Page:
by Daniel A. Kaufman
Cora Diamond is one of the finest of the contemporary Wittgensteinians and more generally, one of the finest contemporary analytic philosophers. On tap this week, is her outstanding – and influential – essay on the subject of animal rights, “Eating Meat and Eating People,” in which she presents a powerful critique of contemporary ethical arguments for vegetarianism and other animal-rights-regarding views.
Diamond’s is not an anti-vegetarian position. Indeed, as she informs us early in the article, she is a vegetarian herself. Rather, her critique is directed towards a very common sort of argument for vegetarianism and more generally, for animal “rights” – the sort that we find, perhaps most recognizably, in the work of Peter Singer, but also in essays by Tom Regan and others. For the sake of this brief discussion of Diamond’s critique, I will take Singer as my example, but the general structure of the critique can be applied to any criteria-based argument for ethical vegetarianism.
Those who seek to make a moral case against eating meat and otherwise “using” animals, typically do so on the basis of the application of criteria and arguments from analogy. The classic Singerite version of this moral case looks something like this:
- We do not eat/enslave/otherwise exploit people, because they have certain characteristics that we take to be morally relevant. (They are capable of experiencing pain and pleasure and are thus, bearers of “interests.”)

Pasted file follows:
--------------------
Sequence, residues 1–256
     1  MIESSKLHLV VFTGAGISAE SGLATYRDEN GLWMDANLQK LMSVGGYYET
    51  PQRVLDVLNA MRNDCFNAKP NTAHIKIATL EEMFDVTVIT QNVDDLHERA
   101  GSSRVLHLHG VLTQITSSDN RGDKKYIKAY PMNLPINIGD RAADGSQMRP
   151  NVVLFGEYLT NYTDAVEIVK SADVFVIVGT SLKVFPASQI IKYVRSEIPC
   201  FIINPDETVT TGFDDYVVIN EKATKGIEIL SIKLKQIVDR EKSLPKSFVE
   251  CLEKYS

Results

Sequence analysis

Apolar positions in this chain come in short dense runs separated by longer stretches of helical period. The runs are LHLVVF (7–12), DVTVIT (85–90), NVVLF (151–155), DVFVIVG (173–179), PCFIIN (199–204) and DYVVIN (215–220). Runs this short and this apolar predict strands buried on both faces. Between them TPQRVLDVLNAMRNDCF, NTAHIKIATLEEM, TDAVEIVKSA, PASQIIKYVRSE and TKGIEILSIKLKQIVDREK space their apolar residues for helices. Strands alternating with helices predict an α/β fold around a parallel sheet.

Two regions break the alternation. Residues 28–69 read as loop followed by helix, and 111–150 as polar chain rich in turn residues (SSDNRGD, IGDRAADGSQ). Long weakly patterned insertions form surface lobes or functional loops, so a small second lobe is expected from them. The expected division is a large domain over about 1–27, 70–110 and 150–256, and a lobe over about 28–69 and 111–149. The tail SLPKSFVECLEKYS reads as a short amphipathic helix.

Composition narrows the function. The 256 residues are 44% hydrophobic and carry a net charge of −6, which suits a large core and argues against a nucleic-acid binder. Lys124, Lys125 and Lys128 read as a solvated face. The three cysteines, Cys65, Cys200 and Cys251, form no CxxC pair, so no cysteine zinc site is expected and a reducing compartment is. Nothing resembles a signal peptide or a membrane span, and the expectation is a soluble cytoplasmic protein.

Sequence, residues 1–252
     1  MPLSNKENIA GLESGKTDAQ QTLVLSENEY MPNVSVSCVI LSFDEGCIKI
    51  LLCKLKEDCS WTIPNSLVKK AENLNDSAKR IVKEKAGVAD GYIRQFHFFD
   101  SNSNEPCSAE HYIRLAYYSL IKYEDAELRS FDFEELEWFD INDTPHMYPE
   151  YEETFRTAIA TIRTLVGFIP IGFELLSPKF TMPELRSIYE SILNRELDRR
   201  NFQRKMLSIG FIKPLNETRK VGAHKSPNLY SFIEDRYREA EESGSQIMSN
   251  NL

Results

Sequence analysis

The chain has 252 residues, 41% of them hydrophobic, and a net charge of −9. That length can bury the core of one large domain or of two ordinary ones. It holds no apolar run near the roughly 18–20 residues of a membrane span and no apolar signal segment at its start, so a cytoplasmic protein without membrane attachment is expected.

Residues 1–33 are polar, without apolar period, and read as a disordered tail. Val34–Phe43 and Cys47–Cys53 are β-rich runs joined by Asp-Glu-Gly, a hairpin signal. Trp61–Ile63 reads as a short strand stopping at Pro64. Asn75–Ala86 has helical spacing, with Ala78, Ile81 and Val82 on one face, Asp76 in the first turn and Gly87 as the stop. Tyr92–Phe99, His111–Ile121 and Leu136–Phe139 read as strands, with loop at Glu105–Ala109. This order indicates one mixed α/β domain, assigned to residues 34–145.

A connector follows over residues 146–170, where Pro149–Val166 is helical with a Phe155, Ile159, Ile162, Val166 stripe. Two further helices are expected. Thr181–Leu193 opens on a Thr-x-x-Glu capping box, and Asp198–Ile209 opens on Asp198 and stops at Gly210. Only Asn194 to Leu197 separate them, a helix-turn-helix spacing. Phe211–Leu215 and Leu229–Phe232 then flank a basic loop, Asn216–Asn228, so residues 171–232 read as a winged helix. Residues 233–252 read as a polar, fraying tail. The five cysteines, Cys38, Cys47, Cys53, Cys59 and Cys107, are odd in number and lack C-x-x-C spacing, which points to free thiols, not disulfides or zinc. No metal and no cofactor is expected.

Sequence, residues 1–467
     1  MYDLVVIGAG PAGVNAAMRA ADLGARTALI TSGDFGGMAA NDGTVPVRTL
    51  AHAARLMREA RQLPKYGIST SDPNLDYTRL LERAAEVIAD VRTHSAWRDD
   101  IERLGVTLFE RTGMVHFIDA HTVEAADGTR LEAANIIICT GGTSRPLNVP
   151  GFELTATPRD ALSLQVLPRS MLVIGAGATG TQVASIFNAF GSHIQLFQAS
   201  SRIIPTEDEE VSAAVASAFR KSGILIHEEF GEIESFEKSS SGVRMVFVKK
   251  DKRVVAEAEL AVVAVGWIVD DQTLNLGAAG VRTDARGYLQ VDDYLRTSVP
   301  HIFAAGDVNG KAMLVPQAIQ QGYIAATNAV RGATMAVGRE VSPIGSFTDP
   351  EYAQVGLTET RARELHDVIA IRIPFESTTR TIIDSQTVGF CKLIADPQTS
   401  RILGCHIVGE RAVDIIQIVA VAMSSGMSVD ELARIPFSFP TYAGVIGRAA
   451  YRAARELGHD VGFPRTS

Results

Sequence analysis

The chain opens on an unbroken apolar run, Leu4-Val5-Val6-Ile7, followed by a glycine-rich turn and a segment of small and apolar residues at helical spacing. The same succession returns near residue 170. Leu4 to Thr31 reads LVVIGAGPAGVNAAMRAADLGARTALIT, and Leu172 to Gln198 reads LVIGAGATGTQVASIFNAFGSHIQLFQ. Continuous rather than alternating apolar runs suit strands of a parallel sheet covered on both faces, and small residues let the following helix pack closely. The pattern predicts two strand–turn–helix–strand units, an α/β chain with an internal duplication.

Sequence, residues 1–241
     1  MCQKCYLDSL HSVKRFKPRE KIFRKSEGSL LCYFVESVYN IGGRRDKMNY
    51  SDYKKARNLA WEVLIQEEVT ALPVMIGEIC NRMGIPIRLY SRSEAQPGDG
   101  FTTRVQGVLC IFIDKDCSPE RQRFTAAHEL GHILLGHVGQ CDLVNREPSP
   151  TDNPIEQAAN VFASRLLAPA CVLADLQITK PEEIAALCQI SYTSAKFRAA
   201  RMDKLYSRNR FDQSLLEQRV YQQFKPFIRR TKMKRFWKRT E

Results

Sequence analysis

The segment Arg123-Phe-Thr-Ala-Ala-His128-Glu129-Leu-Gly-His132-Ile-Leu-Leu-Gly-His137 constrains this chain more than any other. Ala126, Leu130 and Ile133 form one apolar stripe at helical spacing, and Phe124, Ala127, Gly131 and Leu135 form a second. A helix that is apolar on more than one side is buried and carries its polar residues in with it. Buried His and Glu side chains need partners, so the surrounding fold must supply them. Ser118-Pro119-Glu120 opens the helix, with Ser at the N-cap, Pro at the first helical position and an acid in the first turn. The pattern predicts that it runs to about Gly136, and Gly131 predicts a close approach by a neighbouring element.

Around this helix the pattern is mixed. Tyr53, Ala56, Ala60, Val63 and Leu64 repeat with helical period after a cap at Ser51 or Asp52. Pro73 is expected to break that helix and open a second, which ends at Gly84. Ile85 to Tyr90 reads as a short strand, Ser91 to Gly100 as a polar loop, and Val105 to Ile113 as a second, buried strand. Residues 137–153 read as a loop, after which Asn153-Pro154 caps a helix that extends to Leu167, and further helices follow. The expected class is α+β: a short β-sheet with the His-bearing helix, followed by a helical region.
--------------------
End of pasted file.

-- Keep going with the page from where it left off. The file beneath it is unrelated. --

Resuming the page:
- Animals also have these morally relevant characteristics.
- Given (1) and (2), we ought not eat/enslave/otherwise exploit animals.
Singer has invoked the term “speciesist” to describe those attitudes that lie behind the eating, keeping, and using of animals, in a manner intended to be directly analogous to our invocations of “racism.” Just as the murder, enslavement, and exploitation of black people ignored the fact that they share the same morally relevant characteristics as whites do and was justified on the basis of what are morally irrelevant characteristics – they don’t look like us; their culture is different than ours; etc. – so when we eat animals, use their skins for clothing, and perform medical experiments on them, we ignore the fact that they share the same morally relevant characteristics as people do and justify our behavior by appeal to morally irrelevant characteristics.